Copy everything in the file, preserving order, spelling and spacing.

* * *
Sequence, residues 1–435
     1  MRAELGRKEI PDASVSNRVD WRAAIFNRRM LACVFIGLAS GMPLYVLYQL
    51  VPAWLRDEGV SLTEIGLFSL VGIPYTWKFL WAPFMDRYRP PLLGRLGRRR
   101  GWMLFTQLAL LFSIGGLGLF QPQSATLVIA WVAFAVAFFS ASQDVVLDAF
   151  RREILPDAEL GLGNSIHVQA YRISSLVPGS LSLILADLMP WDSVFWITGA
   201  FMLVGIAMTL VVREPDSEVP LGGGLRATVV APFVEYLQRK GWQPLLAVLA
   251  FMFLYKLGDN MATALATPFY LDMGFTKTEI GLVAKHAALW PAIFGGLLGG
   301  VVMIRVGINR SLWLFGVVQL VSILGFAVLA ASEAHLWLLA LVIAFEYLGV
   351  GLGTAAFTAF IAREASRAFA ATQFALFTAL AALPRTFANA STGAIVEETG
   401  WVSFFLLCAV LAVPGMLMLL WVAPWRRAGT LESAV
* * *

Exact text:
Sequence, residues 1–435
     1  MRAELGRKEI PDASVSNRVD WRAAIFNRRM LACVFIGLAS GMPLYVLYQL
    51  VPAWLRDEGV SLTEIGLFSL VGIPYTWKFL WAPFMDRYRP PLLGRLGRRR
   101  GWMLFTQLAL LFSIGGLGLF QPQSATLVIA WVAFAVAFFS ASQDVVLDAF
   151  RREILPDAEL GLGNSIHVQA YRISSLVPGS LSLILADLMP WDSVFWITGA
   201  FMLVGIAMTL VVREPDSEVP LGGGLRATVV APFVEYLQRK GWQPLLAVLA
   251  FMFLYKLGDN MATALATPFY LDMGFTKTEI GLVAKHAALW PAIFGGLLGG
   301  VVMIRVGINR SLWLFGVVQL VSILGFAVLA ASEAHLWLLA LVIAFEYLGV
   351  GLGTAAFTAF IAREASRAFA ATQFALFTAL AALPRTFANA STGAIVEETG
   401  WVSFFLLCAV LAVPGMLMLL WVAPWRRAGT LESAV